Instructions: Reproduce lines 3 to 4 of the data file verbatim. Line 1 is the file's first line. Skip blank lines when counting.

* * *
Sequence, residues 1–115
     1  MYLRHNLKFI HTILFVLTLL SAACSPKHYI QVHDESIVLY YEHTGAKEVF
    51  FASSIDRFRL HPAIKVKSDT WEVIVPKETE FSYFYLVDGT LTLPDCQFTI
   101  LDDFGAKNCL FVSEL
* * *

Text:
    51  FASSIDRFRL HPAIKVKSDT WEVIVPKETE FSYFYLVDGT LTLPDCQFTI
   101  LDDFGAKNCL FVSEL